Looking Back at the Coldest World Series of All Time

By Brian Edwards, Meteorologist
October 24, 2012; 5:02 AM
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Second base umpire Ken Kaiser, wearing a ski mask to protect againt the cold, signals in the late innings of Game 4 of the World Series at Cleveland's Jacobs Field Wednesday, Oct. 22, 1997. (AP Photo/Al Behrman)

As we head deeper into the fall season, one of my personal favorite events gets closer and closer - the World Series, otherwise known as the Fall Classic. It's always a great time of year because not only do you have the World Series, but NFL and NCAA football are in full swing, and the foliage is reaching peak viewing conditions.

However, the biggest drawback to this time of year is the wild swings in weather which can occur. We've seen everything from rain to snow to record warmth and record cold throughout the history of the World Series and today, we will look back at some of the coldest games of all-time.

We know for sure that the Detroit Tigers will represent the American League in the Fall Classic. The National League Championship Series will be decided tonight.

Whatever the outcome, there will be games during the final week in October in Detroit, which is one of the coldest cities in the country. In fact, average low temperatures in Detroit fall into the 30s by the final two days of October. Talking about cold weather cities, let's look at a few of the most memorable World Series games that were played in the fall chill.

1) 1997 World Series, Game 4
Perhaps the most memorable World Series game in terms of how cold it was occurred back on Oct. 22, 1997 in Cleveland, Ohio.

The Florida Marlins played Game 4 against the Cleveland Indians in a winter-like chill. At first pitch, the temperature was 38 degrees with a wind chill of 18 degrees. Snow flurries fell throughout the game and ice patches formed on the infield. This game is officially the coldest World Series game on record. MLB didn't track weather records until the 1970s so it's certainly possible there were colder games prior to the 70s.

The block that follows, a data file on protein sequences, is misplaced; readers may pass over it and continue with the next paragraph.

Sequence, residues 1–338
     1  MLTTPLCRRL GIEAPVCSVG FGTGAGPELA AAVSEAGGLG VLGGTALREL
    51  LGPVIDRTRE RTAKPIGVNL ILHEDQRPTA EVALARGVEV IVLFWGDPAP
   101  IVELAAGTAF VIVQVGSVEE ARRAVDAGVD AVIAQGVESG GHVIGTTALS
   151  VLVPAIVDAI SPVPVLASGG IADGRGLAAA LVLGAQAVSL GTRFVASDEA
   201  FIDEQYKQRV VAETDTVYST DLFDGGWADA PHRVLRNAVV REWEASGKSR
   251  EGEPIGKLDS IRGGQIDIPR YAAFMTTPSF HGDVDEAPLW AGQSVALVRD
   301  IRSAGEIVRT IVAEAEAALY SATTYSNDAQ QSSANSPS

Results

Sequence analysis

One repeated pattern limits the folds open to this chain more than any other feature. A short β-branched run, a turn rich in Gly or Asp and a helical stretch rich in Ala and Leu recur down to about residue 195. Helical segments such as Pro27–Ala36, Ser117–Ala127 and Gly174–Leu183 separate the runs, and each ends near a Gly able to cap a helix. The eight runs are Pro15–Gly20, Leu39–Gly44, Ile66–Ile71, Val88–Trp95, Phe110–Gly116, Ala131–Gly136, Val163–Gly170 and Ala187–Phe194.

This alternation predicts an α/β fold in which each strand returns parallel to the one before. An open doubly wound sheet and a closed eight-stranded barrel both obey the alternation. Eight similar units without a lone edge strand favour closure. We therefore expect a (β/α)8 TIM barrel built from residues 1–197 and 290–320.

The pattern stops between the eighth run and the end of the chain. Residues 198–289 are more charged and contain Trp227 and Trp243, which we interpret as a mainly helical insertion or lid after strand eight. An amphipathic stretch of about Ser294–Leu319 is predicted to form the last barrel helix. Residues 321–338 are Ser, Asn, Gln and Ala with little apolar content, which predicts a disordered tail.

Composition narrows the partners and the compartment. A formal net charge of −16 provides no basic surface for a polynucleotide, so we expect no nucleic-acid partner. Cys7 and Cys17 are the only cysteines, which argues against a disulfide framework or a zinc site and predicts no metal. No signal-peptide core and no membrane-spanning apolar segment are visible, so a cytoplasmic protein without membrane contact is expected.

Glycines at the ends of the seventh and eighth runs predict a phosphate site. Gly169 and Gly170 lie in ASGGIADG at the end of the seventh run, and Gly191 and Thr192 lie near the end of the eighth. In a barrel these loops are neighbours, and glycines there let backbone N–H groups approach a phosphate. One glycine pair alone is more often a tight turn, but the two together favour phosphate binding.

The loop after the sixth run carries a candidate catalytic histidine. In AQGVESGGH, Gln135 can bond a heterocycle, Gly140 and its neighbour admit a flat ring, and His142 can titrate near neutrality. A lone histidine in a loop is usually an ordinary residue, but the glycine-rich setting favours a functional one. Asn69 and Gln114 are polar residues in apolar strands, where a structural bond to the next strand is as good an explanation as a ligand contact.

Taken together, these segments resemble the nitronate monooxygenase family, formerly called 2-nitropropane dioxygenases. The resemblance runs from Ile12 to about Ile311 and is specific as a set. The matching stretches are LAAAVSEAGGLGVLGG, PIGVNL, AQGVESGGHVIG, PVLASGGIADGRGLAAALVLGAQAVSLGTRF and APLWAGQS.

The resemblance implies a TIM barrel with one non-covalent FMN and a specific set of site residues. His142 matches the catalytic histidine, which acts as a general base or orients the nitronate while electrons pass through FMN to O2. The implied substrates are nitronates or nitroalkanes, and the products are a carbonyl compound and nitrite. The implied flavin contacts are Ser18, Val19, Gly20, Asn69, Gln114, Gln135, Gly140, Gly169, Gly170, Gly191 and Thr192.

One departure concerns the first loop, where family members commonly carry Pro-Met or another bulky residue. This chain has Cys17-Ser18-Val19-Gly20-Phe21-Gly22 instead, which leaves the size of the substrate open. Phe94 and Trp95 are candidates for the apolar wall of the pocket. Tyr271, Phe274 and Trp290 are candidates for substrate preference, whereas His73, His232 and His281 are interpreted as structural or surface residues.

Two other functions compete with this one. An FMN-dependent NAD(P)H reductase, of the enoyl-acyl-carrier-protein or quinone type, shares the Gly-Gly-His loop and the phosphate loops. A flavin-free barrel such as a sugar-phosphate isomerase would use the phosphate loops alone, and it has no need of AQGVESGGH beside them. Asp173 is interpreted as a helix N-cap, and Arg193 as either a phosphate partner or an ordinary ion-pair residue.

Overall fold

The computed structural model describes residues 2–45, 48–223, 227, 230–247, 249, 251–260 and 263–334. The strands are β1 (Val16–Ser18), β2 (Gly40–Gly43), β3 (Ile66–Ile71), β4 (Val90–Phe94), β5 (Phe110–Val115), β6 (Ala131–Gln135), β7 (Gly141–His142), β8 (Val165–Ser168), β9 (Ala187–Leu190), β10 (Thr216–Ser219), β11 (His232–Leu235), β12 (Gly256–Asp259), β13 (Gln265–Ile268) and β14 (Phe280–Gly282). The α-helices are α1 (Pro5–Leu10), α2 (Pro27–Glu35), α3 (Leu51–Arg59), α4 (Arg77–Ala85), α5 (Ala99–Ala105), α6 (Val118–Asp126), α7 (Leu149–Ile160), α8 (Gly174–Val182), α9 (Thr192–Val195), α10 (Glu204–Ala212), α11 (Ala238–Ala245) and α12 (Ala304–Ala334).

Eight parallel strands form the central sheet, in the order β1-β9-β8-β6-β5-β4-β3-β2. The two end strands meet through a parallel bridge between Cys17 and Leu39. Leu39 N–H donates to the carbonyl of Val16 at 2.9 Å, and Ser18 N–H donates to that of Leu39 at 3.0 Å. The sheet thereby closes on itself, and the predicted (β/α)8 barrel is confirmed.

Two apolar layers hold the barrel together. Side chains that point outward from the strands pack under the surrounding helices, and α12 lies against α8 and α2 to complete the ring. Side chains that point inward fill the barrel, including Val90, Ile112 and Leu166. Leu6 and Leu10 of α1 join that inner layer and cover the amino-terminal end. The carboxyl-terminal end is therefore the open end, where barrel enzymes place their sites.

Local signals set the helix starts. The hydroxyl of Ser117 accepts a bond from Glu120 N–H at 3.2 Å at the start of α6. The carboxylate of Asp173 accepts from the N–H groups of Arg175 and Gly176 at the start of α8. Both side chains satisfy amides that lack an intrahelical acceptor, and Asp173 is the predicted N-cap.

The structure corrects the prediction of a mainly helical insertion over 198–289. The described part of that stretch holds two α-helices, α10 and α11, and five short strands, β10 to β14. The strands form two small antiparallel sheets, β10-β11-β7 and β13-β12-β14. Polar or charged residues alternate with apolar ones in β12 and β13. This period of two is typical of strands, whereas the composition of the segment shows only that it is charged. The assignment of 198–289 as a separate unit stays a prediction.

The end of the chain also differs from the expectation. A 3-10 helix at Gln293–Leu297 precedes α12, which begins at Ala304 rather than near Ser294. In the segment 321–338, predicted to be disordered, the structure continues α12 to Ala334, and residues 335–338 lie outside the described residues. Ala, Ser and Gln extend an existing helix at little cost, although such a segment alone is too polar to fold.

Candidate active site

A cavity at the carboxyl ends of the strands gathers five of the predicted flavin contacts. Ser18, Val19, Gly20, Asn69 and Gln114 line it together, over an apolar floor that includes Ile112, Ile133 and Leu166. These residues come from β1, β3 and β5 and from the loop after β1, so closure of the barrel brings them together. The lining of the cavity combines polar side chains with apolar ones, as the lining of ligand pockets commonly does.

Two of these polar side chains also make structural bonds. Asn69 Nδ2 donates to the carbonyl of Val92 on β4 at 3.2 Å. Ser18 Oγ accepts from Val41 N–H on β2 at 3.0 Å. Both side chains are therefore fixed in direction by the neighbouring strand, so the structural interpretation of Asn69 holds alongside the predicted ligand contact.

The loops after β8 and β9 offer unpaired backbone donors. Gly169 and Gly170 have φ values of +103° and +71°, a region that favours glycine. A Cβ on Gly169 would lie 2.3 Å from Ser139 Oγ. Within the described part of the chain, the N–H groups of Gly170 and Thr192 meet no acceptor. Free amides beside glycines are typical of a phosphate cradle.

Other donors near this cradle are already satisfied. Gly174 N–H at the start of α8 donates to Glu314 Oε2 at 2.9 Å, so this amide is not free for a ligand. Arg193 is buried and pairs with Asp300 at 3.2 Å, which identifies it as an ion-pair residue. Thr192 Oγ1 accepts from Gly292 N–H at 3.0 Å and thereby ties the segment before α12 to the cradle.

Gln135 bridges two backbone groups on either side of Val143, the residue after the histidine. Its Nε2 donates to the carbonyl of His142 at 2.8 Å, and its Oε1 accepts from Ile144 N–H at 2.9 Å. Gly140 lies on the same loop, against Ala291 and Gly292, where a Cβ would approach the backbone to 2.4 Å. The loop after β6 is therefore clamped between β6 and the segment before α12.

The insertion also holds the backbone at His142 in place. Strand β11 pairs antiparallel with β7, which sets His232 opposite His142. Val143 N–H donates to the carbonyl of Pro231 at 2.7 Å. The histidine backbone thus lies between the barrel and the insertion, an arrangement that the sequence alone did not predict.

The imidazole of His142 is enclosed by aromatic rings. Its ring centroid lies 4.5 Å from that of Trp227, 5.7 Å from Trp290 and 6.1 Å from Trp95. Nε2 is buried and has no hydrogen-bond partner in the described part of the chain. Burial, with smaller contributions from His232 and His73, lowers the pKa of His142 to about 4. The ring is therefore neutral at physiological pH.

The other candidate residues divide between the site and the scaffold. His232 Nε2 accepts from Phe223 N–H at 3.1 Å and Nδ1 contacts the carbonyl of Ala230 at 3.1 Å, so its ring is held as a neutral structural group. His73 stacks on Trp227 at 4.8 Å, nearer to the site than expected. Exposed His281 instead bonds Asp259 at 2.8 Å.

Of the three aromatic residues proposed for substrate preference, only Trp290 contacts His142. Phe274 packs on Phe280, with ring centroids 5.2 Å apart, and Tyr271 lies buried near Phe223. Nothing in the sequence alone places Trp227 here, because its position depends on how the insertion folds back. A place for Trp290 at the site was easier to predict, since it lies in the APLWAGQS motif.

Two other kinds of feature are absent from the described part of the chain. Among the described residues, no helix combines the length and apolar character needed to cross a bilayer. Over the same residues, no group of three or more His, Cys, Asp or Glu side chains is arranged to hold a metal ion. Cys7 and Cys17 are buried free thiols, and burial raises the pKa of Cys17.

Perhaps one of the more interesting facts was that the first two games of this series were played in Miami where the temperatures were in the high 80s throughout the games.

2) 1979 World Series, Game 1
Another famously cold World Series Game which pops up quite often occurred way back on Oct. 10, 1979 in Baltimore, Md. when the Pittsburgh Pirates took on the Orioles.

First pitch temperature was 41 degrees, which doesn't sound all that bad. The problem was that a steady, chilly rain fell throughout the game, creating difficult playing conditions. Players complained of their hands going numb and the ball being so slippery that they couldn't get a grip. In fact, there were 6 total errors in the game, 3 by each team.

3) 2008 World Series, Game 5
Game 5 of the 2008 World Series was played in two parts at Citizens Bank Park in Philadelphia, Pa where the Phillies took on the Tampa Bay Rays. The game began on Oct. 27 with 50-degree temperatures and rain falling, but the rain became so heavy in the bottom of the 6th inning that the game was called by the umpires. The delay lasted too long to wait around and with rain forecasted into the 28th, no one knew when Game 5 would resume.

A heavy rain falls Tuesday afternoon Oct. 28, 2008 at Citizens Bank Park, site of the World Series, in Philadelphia. Game 5 of baseball's World Series between the Tampa Bay Rays and Philadelphia Phillies has been suspended until Wednesday evening due to the weather. (AP Photo/Chris O'Meara)

Finally, the weather cleared two days later on Oct. 29 and Phillies/Rays Game 5 resumed. This time, much colder air had invaded the mid-Atlantic with a first pitch temperature of 44 degrees and a gusty wind out of the Northwest.

The wind chill factor fell into the 30s as the Phillies eventually won the game. Temperatures over the last three innings fell to near 40, but that didn't quite match the conditions felt back in 1997 in Cleveland which remains the coldest World Series game on record.

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